This rhythm; plays a significant role in brain waves, hormone production, cell growth, and other activities. The circadian is adjusted depending on the cycle of dark and light in a 24-hour time frame. Therefore, your sleep pattern is essential for circadian rhythm. Revised according to the light and dark cycle, the circadian clock can be disrupted when you change your sleep pattern. The average person’s sleep latency or the time it takes to fall asleep after your head hits the pillow is usually anything up to eight minutes. Once you’re asleep, the circadian rhythm enters a set of sleeping cycles to restore the body’s function and process the events of the day.

In people with circadian rhythm disorders; Symptoms such as waking up early and not returning to sleep, not falling asleep, or sleeping too much can be observed.  Among the most common circadian rhythm disorders; jet lag, fatigue, disorientation, and insomnia. Prolonged disruption of the rhythm can cause insomnia, concentration problems, and mental problems. On the other hand, this may trigger some physiological diseases by affecting the proper functioning of the body. Some studies have shown that circadian rhythm disorder can also affect the risk of heart disease and cancer.


Among the things that can disrupt the circadian rhythm are the following;

  • Working shifts
  • Pregnancy
  • Time zone changes
  • Medications
  • Routine changes such as getting up late or sleeping late
  • Alzheimer’s or Parkinson’s disease
  • Mental health problems
  • Menopause


Since disruption of the circadian rhythm can harm you both mentally and physically in the long run, you need to rearrange the rhythm. The treatment of circadian rhythm disorder varies according to the underlying cause of this problem. If you have a physical or mental illness, it must first be treated. But in general, the goal is to recreate your sleep patterns and make some changes in your lifestyle. In this context, arrhythmia treatment may include;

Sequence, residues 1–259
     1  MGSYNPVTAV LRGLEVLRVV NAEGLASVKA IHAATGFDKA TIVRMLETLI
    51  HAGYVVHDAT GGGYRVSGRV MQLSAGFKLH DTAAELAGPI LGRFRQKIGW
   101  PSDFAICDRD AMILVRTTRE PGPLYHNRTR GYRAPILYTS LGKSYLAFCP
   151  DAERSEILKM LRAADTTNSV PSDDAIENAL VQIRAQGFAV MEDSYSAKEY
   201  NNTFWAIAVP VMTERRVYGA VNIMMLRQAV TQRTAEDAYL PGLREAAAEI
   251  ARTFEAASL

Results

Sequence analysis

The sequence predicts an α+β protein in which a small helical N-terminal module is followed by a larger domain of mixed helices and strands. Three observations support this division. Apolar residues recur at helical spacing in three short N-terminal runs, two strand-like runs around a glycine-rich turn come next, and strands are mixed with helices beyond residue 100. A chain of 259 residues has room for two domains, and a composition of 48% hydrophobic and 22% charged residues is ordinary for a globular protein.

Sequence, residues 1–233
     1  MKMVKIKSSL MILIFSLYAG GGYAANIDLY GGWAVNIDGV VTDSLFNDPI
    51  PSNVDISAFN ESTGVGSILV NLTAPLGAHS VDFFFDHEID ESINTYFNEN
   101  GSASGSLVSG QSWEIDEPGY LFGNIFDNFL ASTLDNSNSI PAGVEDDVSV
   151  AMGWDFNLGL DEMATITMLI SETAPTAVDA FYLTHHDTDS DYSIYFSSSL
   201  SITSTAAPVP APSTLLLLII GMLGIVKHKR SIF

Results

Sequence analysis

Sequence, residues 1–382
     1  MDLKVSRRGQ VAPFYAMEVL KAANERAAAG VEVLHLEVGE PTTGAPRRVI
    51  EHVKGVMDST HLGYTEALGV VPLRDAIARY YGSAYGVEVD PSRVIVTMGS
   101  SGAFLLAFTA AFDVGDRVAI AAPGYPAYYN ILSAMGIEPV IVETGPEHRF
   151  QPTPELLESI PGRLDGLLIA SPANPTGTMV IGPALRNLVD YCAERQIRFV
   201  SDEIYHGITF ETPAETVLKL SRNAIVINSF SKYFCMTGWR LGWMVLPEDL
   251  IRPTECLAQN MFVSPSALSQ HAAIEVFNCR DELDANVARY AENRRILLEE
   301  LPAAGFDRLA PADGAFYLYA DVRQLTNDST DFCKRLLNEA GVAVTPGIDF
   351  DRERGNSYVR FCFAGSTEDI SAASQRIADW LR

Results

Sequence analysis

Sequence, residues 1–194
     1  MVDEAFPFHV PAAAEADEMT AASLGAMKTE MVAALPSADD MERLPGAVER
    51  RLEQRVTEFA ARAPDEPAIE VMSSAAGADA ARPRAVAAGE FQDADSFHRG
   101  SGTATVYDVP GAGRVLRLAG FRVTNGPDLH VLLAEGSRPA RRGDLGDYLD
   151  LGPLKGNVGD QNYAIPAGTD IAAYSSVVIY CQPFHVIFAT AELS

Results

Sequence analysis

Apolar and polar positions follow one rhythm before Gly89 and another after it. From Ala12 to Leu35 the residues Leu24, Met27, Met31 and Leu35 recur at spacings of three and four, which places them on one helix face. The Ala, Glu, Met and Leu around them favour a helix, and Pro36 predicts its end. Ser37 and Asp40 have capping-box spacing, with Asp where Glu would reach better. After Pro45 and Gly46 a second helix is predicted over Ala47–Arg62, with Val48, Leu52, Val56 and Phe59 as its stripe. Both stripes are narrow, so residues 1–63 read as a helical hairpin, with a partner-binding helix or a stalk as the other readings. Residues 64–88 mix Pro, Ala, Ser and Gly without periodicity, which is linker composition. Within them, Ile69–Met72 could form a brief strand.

Bright light therapy: You can reset your rhythm by standing around a shining light for a certain amount of time each day.

Sleep patterns: If you have trouble sleeping or wake up frequently, you can change your pre-sleep routine, for example, by adding small exercises before you sleep so that you can sleep deeper.

Lifestyle changes: Things like planning your sleep, being careful about your exposure to light, and avoiding caffeine or nicotine for a while before going to bed can help.

Medication: Melatonin, stimulants, or hypnotics can change your sleep-wake cycle. However, of course, you should do all of these under the supervision of a doctor. Avoid using any medication without your doctor’s advice.


To understand your body, use the below diagram to work when you would typically appear on a certain point in your cycle. At the end of the week or break where you do not have to get up for anything particular, test yourself and see what time you usually wake up, and then make a note of it. Once you are awake for a few hours, when do you tend to slump and feel most drowsy? At what time your body starts to retreat? Understanding your body’s circadian rhythm can be valuable in managing, regulating many aspects of your life beyond sleep.


For further contact or access to additional sleep enhancing resources, please visit

  • Baby Sleep, Feeding and Activity Guide
  • Bedtime Reward Checklist for Children
  • Sleep Journal eBook
  • Sleep Diary eBook
  • Sleep Promoting Recipes for Baby eBook
  • Gentle Sleep Solutions eBook
  • Sleep Blogs

Want to learn more about Sleep?

Check out: ‘100 Hacks to Help you Sleep Better eBook’ AND ‘How to Sleep Better: The Ultimate Interactive Guide for Improving Your Sleep’

Click here to find the book: 100 Hacks

Click here to find the book: Sleep Better